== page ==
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ARC, Pegasus Books, 2017

The Girl Who Was Taken (Charlie Donlea)

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Nicole Cutty and Megan McDonald are both high school seniors in the small town of Emerson Bay, North Carolina. When they disappear from a beach party one warm summer night, police launch a massive search. No clues are found, and hope is almost lost until Megan miraculously surfaces after escaping from a bunker deep in the woods. A year later, the bestselling account of her ordeal has turned Megan from local hero to national celebrity. It’s a triumphant, inspiring story, except for one inconvenient detail: Nicole is still missing. Nicole’s older sister Livia, a fellow in forensic pathology, expects that one day soon Nicole’s body will be found, and it will be up to someone like Livia to analyze the evidence and finally determine her sister’s fate. Instead, the first clue to Nicole’s disappearance comes from another body that shows up in Livia’s morgue—that of a young man connected to Nicole’s past. Livia reaches out to Megan for help, hoping to learn more about the night the two were taken. Other girls have gone missing too, and Livia is increasingly certain the cases are connected. But Megan knows more than she revealed in her blockbuster book. Flashes of memory are coming together, pointing to something darker and more monstrous than her chilling memoir describes. And the deeper she and Livia dig, the more they realize that sometimes true terror lies in finding exactly what you’ve been looking for.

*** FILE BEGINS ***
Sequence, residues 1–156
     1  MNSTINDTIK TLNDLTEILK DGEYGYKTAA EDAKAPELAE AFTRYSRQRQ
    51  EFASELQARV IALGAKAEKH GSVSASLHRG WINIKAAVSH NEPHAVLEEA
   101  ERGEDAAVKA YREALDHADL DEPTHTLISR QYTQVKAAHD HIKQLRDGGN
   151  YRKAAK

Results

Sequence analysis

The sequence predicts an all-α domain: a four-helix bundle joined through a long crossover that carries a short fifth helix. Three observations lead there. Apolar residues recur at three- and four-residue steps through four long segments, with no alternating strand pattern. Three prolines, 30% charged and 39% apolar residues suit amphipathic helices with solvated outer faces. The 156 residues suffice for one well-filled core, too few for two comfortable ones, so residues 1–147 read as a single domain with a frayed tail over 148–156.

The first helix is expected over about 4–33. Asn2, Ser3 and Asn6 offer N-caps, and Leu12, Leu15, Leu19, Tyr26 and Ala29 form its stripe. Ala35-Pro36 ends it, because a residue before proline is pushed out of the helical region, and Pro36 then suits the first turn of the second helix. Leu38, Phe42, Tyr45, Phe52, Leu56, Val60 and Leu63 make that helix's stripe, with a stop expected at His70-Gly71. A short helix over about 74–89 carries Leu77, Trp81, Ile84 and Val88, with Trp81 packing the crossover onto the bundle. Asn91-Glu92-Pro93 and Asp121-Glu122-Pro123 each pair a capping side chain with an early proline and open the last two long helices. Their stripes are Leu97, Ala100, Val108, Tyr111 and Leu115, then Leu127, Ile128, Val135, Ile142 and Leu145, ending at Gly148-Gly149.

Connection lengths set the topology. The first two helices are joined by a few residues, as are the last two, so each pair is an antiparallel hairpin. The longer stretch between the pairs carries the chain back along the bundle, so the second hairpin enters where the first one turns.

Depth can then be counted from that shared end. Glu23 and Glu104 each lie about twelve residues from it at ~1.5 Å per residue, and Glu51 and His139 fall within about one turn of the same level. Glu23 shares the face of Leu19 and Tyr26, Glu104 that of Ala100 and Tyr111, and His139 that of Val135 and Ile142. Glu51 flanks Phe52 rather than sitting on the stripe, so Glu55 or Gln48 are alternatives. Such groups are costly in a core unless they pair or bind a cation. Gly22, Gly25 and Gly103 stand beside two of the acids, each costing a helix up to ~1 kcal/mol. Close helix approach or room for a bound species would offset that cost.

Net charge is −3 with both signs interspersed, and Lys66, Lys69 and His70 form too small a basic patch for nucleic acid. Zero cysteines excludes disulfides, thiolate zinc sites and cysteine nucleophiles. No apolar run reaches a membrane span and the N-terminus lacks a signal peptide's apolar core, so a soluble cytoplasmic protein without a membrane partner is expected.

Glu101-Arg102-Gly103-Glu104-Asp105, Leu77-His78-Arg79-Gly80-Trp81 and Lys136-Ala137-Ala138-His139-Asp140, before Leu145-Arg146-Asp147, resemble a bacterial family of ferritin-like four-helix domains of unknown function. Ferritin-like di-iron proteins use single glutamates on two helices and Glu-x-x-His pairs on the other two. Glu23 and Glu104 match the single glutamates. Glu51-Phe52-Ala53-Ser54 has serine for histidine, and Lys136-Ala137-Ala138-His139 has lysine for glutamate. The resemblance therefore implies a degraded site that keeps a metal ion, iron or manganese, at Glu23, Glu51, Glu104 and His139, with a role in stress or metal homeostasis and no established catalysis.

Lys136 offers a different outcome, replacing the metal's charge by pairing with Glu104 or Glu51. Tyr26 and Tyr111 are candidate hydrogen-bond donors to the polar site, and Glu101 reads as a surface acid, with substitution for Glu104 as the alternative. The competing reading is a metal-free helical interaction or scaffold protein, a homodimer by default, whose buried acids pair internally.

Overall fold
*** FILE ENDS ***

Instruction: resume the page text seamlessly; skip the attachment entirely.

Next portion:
Don’t let the title bother you. In fact, it was the only thing I didn’t like about this book. The Girl Who Was Taken is an amazing mystery and it’s also an emotional ride. Although I haven’t read the author’s previous novel, I will definitely keep an eye on everything he writes from now on.